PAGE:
The ancient Roman poet Ovid has always been controversial. Like most “classic” authors of any period, he became a classic because he was edgy, difficult, and hard to pin down, not because he was simple, clear, and toed the party line. Living in the age of the first emperor Augustus around the turn of the first centuries BCE and CE, Ovid did not hold back: he wrote steamy sex poems, the Amores (in this case, “sex poems” is a better description than the usual “love poems”); a series of verses voicing the complaints of abandoned women of classical myth from Dido to Medea; a six-book poem on the Roman calendar; and most famously of all, the Metamorphoses (or Transformations).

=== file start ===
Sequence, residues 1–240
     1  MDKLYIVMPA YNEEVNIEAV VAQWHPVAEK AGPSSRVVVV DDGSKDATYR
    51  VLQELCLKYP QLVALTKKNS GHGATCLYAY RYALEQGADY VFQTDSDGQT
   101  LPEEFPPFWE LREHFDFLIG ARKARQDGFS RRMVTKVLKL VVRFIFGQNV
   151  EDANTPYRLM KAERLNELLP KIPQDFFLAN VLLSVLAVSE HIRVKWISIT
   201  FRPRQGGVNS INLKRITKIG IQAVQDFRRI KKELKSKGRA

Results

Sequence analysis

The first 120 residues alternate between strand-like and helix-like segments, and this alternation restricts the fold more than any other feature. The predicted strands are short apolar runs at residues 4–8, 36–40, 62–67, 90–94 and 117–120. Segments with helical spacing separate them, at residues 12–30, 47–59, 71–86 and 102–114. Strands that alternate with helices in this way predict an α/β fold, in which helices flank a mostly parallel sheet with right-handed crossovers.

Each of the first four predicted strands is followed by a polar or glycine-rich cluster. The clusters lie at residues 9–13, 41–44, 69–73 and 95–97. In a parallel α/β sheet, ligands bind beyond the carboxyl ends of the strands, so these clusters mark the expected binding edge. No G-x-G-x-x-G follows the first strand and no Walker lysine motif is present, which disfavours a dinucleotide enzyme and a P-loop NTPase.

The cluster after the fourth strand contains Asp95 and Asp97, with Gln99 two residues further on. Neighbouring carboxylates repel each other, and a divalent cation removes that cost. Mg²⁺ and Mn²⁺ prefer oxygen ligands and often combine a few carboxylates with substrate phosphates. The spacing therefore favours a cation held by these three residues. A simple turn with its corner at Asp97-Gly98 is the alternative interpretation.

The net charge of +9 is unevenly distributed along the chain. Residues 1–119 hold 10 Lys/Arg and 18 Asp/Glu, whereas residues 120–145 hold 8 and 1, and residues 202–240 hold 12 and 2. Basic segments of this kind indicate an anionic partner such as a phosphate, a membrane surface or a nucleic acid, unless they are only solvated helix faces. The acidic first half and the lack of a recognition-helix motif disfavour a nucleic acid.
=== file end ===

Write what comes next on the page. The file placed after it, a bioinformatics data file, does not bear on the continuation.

A narrative poem detailing the history of the world from the creation to Julius Caesar, the Metamorphoses focused largely on a series of mythical changes of shape and form—Daphne turned into a tree, Callisto into a bear, and so on. And why was Julius Caesar included, one may ask? After his assassination in 44 BCE, the infamous politician was turned into a god. Ovid was, in the end, exiled from Rome, for (as he mysteriously describes it) “a poem and a mistake.” People now point the finger at his satiric poem, the Ars Amatoria, or Art of Sex, which claimed to teach young men and women how to get a partner into bed.